Another good reason to do it… I spoke to the council a few weeks ago, and when I was asked for my reference number I just said “No”. The lady on the other end of the line paused, and then said “Do you not have it with you then?”… at which point I realised I was not talking to a robot, but a very monotone, bored sounding and not been awake that long (although ultimately very helpful) lady. I doubled up on the politeness thereafter, and regretted my early morning, can’t-be-bother attitude at the start of the call.

I’m also re-watching the Battlestar Galactica (BS:G) remake, the more recent series. I think it’s fantastic, the CGI, costumes, sets are all great – I particularly like how they make the ships fly and drift in space, with little bursts of rocket to spin them around, instead of making them swoop and fly like planes.

Anyway, in BSG there are the Cylons, who were just robots but then they made clones that look Human but are sort of synthetic and programmable and can download when they die to a new body.

There’s this massive race issue with Human/Cyclon hatred generally going both ways, but some Cyclon/Human sympathy forming on both sides of the war.

As well as the constant negativity between parties, more serious issues come up like execution without trial (because a Cyclon is a machine and you don’t give a machine a trial) and allowing a member of the opposite race to cross sides and become officers.

Whilst all this is happening there is the debate that Cylons can think, love, eat, sleep, dream etc, so they should be treated like people. Others argue it’s all programming and not real, they’re not Human.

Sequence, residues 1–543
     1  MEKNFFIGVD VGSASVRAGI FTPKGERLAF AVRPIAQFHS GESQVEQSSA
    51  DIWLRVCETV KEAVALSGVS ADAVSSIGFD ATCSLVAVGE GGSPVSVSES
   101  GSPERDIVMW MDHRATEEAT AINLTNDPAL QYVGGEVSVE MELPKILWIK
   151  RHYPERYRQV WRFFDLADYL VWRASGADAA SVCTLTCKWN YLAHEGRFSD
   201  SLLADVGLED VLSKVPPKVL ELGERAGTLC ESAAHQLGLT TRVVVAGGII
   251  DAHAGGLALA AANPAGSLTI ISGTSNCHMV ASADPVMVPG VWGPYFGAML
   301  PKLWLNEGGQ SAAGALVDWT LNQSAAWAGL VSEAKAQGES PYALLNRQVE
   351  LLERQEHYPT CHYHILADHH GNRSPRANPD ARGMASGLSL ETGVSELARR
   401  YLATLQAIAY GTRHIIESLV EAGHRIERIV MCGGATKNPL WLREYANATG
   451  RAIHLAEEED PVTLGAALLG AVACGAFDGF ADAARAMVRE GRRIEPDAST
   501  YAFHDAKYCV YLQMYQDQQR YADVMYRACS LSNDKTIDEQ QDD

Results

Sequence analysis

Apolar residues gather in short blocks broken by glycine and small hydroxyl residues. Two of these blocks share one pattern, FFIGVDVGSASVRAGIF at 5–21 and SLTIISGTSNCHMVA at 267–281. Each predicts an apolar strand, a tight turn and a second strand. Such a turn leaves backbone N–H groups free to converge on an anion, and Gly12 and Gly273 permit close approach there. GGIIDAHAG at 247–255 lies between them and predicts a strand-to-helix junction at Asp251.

But something I realised this morning, is that whilst a lot of people (real or fictional) struggle with the idea of thinking of a machine as “real” or “alive” – this world is full of people that de-humanise actual Humans.

Across the world people are treated like they are different to their oppressors – not just on a large scale (slavery, people trafficking etc) but on small scales, like domestic abuse, theft…. and arson.

When someone burnt my car, they also burnt my family’s car. They burnt the possessions inside it – nothing the insurance companies can replace. No one can replace the massive, warm, hi-vis jacket that I pinched off my Dad 10 years ago that’s been sat in the boot of every car I’ve owned, has been worn by a number of my friends as we’ve huddled around in the cold after a kayaking trip.

The car seats have gone, the teddies that live in the car to keep the girls happy on the road, the CDs I’ve made and had for years, the CD Holly made me when we got together.

I spent months choosing the right car, making sure it would fit our lifestyle, as well as literally fit everything into the car. The car meant so much to us, that I bought exactly the same model when the first one’s engine failed a month after buying it.

So I seriously doubt, that the (probably very young) people that set fire to my car and my neighbour’s, really thought about the owners of the car when they did it.

Some part of their minds must have consciously moved that thought to the back of their mind, that what they were doing was hurtful and inconsiderate, they would have chosen not to think about the people they were doing it to.

They’ve intentionally de-humanised us, to enable themselves to get a bit excited because they have such empty, shit lives.

If I met them and explained what they’d done, I genuinely think they’d feel guilty. If not, then they need taking off the streets. Someone needs to re-explain to them what is it to be human.

So around the world we’re working towards getting people to treat everyone equally and with dignity, we should probably start treating robots in the same way, to avoid any Matrix/I Robot/Robopocalypse/Battlestar Galactica type situations.

In summary:

To the robots that have helped me on the phone in the last day or so, I am very grateful

To the people that have supported me on the phone, and in the real world, I am very grateful

To the biological disasters that torched my 5 year olds pink car seat, and her teddy, and her sister’s teddy… you know what, it’s probably best I don’t write anything else down.

Just hope we don’t redefine human.